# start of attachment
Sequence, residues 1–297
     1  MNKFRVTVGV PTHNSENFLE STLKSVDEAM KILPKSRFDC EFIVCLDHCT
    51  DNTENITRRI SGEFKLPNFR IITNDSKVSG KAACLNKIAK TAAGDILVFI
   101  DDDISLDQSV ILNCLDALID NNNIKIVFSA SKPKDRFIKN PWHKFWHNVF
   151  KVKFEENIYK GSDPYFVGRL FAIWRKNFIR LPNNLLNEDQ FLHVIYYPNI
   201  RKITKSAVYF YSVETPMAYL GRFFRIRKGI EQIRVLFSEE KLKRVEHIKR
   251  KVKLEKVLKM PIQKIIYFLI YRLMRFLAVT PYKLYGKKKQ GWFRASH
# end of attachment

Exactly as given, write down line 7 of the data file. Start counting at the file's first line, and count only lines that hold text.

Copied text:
   251  KVKLEKVLKM PIQKIIYFLI YRLMRFLAVT PYKLYGKKKQ GWFRASH